As we moved into mid-August and approached our plan move-in deadline, interior finishes continued. Shaun handled a lot of it, since we didn’t have much in the way of budget left for a crew. Budget-wise, that was good news. Timeline-wise, not so much.
Engineered Hardwood Floors
Back when we were buying up interior finishes, we found a pretty solid deal on engineered maple hardwood floors from Floors To Your Home. As far as I can tell, they’re a liquidator that tends to handle specific lots of hardwood flooring, and handles a lot of lower grades of flooring. Generally, lower-grade floors have shorter boards and more knows/sapwood/imperfections than higher grades. We had narrowed things down to either hickory, which tends to have quite a lot of color variation, and maple, which doesn’t tend to have much at all (think basketball courts). So the lower-grade maple would actually give us more of the variation we were looking for.
Installed, we were happy with the choice:
It had enough color variation to be interesting but no so much to be overbearing. Installation also went relatively quickly, since outside of the kitchen area our rooms are basically just big rectangles, without a lot of complicated cutwork.
Carpet installation was something Shaun left to the carpet guys. Like a lot of things, it turned into slightly more trouble than we expected. Delivery was delayed once or twice, and then once they did show up, they didn’t install the carpet. They just dropped it off in the garage. When Shaun called to figure out what was going on, they told him that we needed to do a lead paint test before they would do the installation. Shaun explained that it was a new build and lead paint has been outlawed since 1978. Didn’t matter.
Unsurprisingly, we passed the stupid lead paint test. And we finally got carpet in the first floor. We had considered hardwoods there too, but with two young kids who spend a lot of time playing on the floor, carpet seemed like the more comfortable choice.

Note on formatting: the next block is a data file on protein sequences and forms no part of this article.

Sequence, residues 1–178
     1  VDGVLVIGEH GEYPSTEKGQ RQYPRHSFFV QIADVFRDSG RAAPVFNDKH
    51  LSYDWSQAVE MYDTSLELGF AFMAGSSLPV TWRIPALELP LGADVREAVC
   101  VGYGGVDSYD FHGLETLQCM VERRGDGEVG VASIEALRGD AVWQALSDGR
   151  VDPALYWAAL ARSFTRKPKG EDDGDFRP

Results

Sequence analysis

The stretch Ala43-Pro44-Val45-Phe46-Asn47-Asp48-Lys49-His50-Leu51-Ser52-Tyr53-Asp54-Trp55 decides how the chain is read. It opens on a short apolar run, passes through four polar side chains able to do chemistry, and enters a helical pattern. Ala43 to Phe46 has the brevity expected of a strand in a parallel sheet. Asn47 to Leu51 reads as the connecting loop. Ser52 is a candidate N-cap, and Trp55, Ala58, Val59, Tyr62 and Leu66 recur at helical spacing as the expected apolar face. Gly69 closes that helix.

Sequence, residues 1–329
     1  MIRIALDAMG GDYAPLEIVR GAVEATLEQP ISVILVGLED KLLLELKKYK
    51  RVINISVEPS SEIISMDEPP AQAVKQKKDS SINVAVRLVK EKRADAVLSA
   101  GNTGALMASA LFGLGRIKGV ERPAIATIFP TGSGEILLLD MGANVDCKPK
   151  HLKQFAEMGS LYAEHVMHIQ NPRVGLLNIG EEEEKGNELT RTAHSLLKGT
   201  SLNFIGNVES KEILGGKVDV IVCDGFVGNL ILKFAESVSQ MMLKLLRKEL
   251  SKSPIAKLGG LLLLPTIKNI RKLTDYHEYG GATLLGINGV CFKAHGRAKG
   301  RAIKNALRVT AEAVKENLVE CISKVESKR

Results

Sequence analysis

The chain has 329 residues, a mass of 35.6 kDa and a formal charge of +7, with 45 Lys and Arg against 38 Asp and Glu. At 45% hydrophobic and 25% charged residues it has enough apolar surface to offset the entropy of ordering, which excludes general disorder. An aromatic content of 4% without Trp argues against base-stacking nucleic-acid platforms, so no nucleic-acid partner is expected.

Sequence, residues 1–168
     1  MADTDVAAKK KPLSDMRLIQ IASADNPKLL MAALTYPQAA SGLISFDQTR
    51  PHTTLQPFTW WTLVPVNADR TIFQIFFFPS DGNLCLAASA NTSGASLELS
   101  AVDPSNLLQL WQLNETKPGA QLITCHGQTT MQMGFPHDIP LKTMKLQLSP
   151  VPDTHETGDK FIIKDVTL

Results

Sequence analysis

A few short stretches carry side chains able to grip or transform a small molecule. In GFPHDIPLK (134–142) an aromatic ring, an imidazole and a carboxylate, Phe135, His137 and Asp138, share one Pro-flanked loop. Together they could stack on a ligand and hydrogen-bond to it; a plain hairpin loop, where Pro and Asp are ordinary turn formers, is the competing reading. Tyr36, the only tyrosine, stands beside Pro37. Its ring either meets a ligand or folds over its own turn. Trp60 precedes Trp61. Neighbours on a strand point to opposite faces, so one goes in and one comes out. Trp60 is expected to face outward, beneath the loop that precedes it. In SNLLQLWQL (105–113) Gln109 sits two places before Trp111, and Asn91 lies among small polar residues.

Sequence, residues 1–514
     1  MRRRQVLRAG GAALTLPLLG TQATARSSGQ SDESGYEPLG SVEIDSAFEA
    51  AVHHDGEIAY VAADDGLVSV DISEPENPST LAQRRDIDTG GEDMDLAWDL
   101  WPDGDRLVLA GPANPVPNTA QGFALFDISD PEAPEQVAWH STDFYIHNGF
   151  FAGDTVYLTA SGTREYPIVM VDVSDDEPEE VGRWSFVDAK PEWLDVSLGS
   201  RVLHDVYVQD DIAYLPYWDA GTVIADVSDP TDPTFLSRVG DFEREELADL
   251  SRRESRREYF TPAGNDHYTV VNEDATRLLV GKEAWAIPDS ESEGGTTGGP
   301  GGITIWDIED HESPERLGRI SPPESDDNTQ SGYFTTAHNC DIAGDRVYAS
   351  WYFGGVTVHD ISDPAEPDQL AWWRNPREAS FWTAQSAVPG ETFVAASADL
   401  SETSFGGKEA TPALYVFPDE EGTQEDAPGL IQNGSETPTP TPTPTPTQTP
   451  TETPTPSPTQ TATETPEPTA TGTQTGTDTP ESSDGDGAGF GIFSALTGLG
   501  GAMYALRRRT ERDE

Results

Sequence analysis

We were also excited to take delivery of our quartz countertop. It had taken a bit of shopping around to find somewhere that had things in stock and could fabricate something on a reasonable timeline. We ended up going with Stone Tops 4 Less. Most countertop places have slabs from a subset of quartz manufacturers. They have different patterns but generally the same product. We ended up going with MSI’s Blanca Arabescato – a veined marble-look quartz.
When the installers got it in, it looked great! Particularly against the grey walls and blue cabinets.
There was just one teensy, tiny problem: it was about 10″ too short. The stool overhang on the near side is supposed to wrap around the end of the island in front of the fridge to allow for stools along the side of the island. But somewhere along the way things got messed up, and they gave us a standard 1-2″ overhang.
If this had been a minor cosmetic issue we would have let it go. But it was a functional problem – as fabricated, we could only get a couple of stools around the island, which wasn’t going to work for a family of four. To his credit, Shaun got it taken care of and ate the additional cost. If you’re in the market for a big slab of quartz, I expect he can give you a deal on one.